I look at rundowns in youth baseball differently from most other youth coaches. Too many times I have seen in games that I’m involved in, or when opposing coaches or games I m observing, instruct their team on a rundown that if they cannot get the out right away, then run the baserunner back to the base where he came from. This is the easy way out. I teach my team that rundowns are a gift from the baseball gods to get a relatively easy out. Welcome rundowns, and only be satisfied when you produce an out. The techniques I see taught in rundowns are not the way I like to teach my players, which may be why many coaches are just happy with the status quo, as long as the baserunner did not advance a base. It took me few years to become pro-active in rundowns and it is one of those situations that I got so frustrated with myself and other coaches I included it in my book, 44 Baseball Mistakes & Corrections.
There are a few reasons why rundowns are not successful in youth baseball. First off when presented with a rundown a lot of teams are seeing it for the first time because they do not practice it. This is a game situation that has to be practiced with players rotating fielding positions, and as baserunners. Teams also think that because it is a rundown they have to begin throwing the ball to each other right away. Still another reason many teams are not successful defending rundowns is that they throw the ball too many times. Because the players don’t practice rundowns, when they are involved in one it may be their first experience. Players are yelling for the ball, coaches are yelling out instructions, and even parents in the stands are playing “coach” and doing their part to confuse the situation.
Let me break down my philosophy when it comes to rundowns. A key phrase I began to use a number of years ago is “sprint mode.” I tell my players this, and even demonstrate how when a baserunner is running full tilt, it is very hard for him to stop short and change directions. I teach my players that we want to get the baserunner in a sprint mode. Youth players seem to get into the habit of too many unnecessary throws, especially when the baserunner is dilly-dallying sideways. Too many throws allows the baserunner to stop and easily change directions. The most basic philosophy I tell my players is the ideal number of throws in a rundown is none. The perfect situation is if one of the fielders gets the baserunner into this sprint mode and is able to run him down and tag him for the out. This will happen sometimes, depending on the personnel. A good point here to remember is that your fielders, even though they are 10-12 years-old, know what they are going to do next. The baserunner has to guess.The second best number of throws besides none is only one.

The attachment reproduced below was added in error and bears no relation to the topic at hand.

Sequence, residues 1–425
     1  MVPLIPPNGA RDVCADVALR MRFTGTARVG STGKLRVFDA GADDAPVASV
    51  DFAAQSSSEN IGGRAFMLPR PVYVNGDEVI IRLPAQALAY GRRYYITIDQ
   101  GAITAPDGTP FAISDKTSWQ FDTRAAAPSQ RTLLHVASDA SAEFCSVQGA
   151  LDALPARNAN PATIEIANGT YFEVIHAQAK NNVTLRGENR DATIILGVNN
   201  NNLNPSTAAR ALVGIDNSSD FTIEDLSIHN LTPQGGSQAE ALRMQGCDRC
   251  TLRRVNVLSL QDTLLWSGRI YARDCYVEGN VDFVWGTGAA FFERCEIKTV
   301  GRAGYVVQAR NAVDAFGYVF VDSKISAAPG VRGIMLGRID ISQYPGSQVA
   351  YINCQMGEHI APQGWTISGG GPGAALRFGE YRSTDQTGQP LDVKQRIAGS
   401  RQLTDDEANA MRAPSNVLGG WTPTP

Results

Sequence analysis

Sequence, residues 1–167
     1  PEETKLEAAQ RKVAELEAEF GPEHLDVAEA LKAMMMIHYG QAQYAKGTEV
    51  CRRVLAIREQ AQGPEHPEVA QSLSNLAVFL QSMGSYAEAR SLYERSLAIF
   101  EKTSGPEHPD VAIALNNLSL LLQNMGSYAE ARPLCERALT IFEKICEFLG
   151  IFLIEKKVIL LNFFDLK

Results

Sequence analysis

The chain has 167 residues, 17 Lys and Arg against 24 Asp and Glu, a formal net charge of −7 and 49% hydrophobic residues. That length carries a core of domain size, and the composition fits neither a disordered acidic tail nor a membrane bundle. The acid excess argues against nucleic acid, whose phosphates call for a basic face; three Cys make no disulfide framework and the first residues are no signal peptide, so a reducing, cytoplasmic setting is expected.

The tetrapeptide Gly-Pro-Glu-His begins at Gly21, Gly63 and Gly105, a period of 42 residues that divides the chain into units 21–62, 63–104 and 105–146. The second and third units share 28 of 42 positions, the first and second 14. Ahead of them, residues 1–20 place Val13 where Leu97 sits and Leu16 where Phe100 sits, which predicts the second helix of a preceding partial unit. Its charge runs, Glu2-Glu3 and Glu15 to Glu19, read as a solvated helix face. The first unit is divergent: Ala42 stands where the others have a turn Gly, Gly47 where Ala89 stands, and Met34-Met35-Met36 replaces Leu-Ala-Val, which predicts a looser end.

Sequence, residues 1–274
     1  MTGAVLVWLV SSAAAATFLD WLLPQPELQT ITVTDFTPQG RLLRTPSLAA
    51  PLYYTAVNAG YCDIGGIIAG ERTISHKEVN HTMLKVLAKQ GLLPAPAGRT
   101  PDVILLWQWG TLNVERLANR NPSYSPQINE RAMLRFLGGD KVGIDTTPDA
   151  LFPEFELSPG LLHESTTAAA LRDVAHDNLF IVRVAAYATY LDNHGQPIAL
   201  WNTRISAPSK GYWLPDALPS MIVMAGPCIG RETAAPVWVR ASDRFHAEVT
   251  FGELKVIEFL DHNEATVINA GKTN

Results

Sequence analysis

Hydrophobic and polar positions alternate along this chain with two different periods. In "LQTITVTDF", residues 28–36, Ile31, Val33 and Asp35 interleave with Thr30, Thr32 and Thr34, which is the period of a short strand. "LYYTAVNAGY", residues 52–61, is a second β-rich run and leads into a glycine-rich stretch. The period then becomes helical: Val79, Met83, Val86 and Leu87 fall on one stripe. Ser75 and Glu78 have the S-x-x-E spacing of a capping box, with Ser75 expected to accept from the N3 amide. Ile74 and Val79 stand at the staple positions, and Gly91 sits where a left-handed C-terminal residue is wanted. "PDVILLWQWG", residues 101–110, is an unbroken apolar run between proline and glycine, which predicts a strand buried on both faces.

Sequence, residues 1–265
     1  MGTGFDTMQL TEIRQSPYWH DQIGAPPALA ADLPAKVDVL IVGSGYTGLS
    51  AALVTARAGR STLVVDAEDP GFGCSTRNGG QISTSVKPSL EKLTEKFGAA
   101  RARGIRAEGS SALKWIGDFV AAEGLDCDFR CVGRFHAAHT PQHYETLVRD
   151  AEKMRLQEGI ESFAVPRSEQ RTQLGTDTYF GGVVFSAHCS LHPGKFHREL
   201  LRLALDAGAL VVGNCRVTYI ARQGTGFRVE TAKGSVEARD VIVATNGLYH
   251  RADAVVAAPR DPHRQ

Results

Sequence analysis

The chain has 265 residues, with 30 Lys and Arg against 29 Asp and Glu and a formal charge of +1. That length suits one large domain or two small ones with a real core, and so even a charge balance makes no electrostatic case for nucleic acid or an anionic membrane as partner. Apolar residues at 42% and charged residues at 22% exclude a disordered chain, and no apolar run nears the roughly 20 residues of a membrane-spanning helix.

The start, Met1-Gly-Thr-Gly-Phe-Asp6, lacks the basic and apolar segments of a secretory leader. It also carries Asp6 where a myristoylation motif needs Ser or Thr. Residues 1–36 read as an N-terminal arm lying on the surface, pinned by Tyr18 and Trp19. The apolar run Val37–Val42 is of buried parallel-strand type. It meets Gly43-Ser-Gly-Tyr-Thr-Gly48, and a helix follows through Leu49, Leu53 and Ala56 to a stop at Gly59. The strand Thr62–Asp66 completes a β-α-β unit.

If your team practices rundowns, and understands getting the baserunner in a sprint mode, most of the outs will come from rundowns with one throw. And when you think about it, and picture the situation, you can understand why. It is extremely hard, and most times impossible, for the baserunner in a sprint mode to stop and change directions successfully. Remember to convey to your players that it is never a sure out unless they are able to hold onto the baseball. I’ve seen too many times when a team defends a rundown perfectly only to have the fielder tag the runner and the ball come loose because of the momentum the runner creates. Teach your players to squeeze the baseball. The pocket is a better place than the webbing when tagging.A drill I use is to use two base paths, between first and second and third and home. Have a player in the middle of two fielders with a ball, and on the “go”command, the fielders try to get the out. This is also excellent practice for the baserunners when they are in a rundown during a game. You can set up a competition, giving the baserunner two points for getting to the base and the fielders getting one point for getting the out. Using two base paths allows you to use six players at a time. Make sure you rotate players and positions. Kids love competition and when you set up a quality drill they will learn from and combine it with fair competition, you have hit a home run.
Besides this drill, practice rundowns and make sure you teach the other players to back up the throws. It makes little sense when during a rundown your outfielders stay out there far from the infield. I usually have my outfielders come closer to the infield just in case a throw is errant. Whenever players are backing up, if they are too close to the action, the ball can, and will, go past them. When practicing rundowns with my team I like to tell a player to make an errant throw on purpose, just to see how the fielders handle the situation.
Marty Schupak has coached youth sports for 25 years. He has written 11 books and produced 26 sports instructional videos. His is the founder of T-Ball America.
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